As an example, Ann Taylor, the women’s clothing company renowned for their classically styled suits, separates and dresses, might seem an unlikely match for ladies who have spent the last four years in jeans and t-shirts. “We wanted to help them shape their brand image in the eyes of our students and offer a discount to shop in their stores as a way for students to build their career-appropriate wardrobe,” Merkin points out. The Ann Taylor promotion, ‘Style for Success,’ involved a marketing piece that led students from the first impression of an interview-ready range of suits and dresses, to the first day in the office, as well as clothing options suitable for casual Friday.

Tracking the lifestyle changes students might undergo after graduation doesn’t always require a completely new brand relationship. West Elm, who has communicated to students ideas about decorating their dorm rooms, also found that the same message, to the same audience, could apply equally well to graduates starting life in new homes or apartments. Merkin points out that in previous years, BNCM has helped brands such as Chevrolet develop graduation-appropriate messages and, although not specifically targeting graduates, also created an email campaign offering a special student rate as a way of introducing a new generation of readers to the respected publication, The Economist.


Ann Taylor 'Style for Success'


Even with the prospect of their first pay check looming, Millennials as a generation are unlikely to be extravagant. Currently, 24 percent of more established Millennials earn more than $75,000 per year, another quarter earns less than $25,000, and an equal amount are likely to return home to live with their parents, according to a recent survey by Understandably, these shoppers are highly sensitive to price and exhibit a proclivity for coupons and special promotions.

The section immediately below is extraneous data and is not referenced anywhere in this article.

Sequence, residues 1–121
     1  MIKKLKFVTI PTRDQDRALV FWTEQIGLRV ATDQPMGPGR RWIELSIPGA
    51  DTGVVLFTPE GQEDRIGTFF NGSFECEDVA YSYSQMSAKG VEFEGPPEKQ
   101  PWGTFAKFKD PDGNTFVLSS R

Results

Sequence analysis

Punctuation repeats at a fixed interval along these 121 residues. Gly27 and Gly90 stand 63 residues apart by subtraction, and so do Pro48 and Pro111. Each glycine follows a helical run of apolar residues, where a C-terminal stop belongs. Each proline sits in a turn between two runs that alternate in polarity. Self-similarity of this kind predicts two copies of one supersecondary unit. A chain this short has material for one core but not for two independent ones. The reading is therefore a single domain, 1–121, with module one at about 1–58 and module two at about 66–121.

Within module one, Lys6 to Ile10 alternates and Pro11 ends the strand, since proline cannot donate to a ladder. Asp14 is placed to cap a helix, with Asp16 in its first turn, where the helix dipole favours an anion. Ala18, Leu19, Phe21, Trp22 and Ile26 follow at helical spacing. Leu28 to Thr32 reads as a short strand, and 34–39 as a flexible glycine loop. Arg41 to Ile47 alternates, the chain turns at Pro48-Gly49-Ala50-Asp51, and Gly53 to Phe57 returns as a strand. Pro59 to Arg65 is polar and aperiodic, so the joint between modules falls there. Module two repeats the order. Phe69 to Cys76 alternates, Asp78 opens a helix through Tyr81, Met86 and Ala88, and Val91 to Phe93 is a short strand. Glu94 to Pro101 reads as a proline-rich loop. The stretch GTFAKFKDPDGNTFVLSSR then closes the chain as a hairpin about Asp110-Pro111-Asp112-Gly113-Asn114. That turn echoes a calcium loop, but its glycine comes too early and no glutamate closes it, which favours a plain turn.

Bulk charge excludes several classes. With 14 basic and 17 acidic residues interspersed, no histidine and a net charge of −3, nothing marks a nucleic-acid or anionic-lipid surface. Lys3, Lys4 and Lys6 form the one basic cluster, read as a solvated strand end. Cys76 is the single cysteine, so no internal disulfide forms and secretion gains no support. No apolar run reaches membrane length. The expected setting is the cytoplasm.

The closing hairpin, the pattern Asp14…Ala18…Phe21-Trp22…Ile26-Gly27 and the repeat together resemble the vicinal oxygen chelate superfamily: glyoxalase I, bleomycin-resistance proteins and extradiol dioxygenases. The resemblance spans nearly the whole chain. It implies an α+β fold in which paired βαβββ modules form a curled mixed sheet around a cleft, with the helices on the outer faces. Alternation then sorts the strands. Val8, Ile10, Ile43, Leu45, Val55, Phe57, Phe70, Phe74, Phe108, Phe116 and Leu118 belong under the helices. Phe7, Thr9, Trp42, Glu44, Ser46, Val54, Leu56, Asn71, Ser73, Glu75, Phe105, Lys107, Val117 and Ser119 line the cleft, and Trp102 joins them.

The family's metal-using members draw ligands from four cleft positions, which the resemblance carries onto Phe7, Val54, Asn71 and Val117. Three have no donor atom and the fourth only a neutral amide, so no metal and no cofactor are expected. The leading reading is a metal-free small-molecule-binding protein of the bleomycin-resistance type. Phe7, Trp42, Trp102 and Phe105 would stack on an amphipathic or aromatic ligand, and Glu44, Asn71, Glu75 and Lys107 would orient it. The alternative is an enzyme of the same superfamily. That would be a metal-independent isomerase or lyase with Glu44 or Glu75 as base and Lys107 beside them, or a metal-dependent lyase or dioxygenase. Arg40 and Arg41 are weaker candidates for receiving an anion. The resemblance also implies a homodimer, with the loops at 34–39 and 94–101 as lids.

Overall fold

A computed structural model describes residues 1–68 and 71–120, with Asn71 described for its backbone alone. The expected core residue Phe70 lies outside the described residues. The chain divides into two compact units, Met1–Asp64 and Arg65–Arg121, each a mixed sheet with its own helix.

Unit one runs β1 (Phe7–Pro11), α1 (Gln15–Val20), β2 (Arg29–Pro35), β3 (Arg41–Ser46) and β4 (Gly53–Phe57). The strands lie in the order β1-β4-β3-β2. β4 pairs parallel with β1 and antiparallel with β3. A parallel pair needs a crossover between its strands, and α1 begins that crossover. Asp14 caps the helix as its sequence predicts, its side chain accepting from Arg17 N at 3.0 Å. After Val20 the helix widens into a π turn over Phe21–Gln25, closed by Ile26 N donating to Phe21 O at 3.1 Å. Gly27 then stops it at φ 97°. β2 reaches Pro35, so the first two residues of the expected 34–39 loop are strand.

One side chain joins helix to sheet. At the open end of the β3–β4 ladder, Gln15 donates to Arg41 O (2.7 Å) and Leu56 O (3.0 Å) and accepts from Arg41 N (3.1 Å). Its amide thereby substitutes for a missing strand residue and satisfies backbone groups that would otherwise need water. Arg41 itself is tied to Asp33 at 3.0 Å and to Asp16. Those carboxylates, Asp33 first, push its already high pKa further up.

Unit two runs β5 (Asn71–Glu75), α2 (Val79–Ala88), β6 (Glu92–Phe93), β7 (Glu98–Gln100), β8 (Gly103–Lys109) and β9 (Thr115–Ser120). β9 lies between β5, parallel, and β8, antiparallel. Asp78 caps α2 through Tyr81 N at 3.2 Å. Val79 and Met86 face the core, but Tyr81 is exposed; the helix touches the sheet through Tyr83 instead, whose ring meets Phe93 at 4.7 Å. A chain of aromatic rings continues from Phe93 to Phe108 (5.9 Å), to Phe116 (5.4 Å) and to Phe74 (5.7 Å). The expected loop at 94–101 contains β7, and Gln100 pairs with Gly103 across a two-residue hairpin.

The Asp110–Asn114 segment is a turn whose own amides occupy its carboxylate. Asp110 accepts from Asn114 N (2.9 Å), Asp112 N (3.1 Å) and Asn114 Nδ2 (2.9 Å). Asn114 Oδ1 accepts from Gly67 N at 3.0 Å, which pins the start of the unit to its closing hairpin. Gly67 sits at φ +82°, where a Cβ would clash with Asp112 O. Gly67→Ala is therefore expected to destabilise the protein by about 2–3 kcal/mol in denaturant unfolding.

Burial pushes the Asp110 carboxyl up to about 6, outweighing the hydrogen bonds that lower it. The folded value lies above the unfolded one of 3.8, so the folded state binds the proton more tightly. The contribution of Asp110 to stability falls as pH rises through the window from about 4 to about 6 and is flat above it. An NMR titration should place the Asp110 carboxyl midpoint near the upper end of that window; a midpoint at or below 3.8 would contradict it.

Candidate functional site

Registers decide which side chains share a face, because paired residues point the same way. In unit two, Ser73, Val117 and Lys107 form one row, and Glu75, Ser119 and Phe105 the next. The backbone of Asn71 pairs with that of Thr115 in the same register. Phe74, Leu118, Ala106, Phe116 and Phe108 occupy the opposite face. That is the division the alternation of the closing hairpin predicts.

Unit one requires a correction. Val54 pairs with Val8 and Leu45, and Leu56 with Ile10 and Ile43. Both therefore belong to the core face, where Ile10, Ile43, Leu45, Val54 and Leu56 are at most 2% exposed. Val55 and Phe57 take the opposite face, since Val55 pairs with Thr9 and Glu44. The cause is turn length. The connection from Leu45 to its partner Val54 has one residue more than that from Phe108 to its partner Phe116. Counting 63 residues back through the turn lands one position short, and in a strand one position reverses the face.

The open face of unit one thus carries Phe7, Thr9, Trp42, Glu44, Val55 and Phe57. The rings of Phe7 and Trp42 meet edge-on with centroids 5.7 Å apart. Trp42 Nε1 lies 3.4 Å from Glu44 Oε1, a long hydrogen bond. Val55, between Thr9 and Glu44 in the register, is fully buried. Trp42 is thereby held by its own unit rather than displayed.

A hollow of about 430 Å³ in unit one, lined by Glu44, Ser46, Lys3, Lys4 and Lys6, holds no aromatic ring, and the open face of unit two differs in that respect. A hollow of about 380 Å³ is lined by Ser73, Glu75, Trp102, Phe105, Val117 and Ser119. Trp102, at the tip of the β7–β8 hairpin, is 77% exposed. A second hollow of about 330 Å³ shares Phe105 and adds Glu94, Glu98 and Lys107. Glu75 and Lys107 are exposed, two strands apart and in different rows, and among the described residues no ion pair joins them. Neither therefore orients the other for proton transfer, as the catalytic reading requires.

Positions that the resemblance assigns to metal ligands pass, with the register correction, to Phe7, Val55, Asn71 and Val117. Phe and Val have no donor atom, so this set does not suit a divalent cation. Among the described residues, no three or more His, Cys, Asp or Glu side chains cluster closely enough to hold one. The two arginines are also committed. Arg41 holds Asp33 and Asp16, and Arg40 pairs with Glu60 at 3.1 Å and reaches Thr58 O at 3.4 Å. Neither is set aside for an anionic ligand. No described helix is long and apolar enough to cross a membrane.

Merkin agrees that price and value are good ways to build an authentic brand relationship with students, yet argues that any brand looking to engage with graduating students needs to create a valid, lasting ability to build on that relationship. “As a student, you might discover a retailer through a coupon incentive, but the real value is that you’ll continue shopping there into adulthood,” she explains. “Our brand partners are really looking to establish a long-lasting relationship with that student — beyond any individual campaign.”

As the Class of 2015 finds themselves in new jobs, new cities and new experiences after graduation, some of the lessons learned at their universities won’t just be academic. The brand experiences they enjoyed on campus will stay with them far beyond college — and that can be very good news for companies hoping to make a customer for life.

Marketing to Millennials? Check out favorite finds for college marketing.

College Marketing at University of Delaware

Part of what makes Barnes & Noble College Marketing unique is our direct access to a network of over 700 on-campus college bookstores, and the store managers who help us execute our programs in market, and ensure that our students receive exceptional customer service.

BNCM interviewed bookstore manager Jennifer Galt, at Store #289, Barnes & Noble at University of Delaware, to get some insights on her store, and her experience with our company.


Bookstore Location:

83 East Main Street, Newark DE 19716

Our bookstore is located on the main street in town.

How many students does the bookstore serve?

We currently have over 21,000 students, 17,000 of them are undergraduates.


What are the most popular majors at your university?

By far, business and education are the most popular majors at University of Delaware.

How many years have you worked with BNC?

I have worked for Barnes & Noble College for 17 years.

What makes our bookstore unique?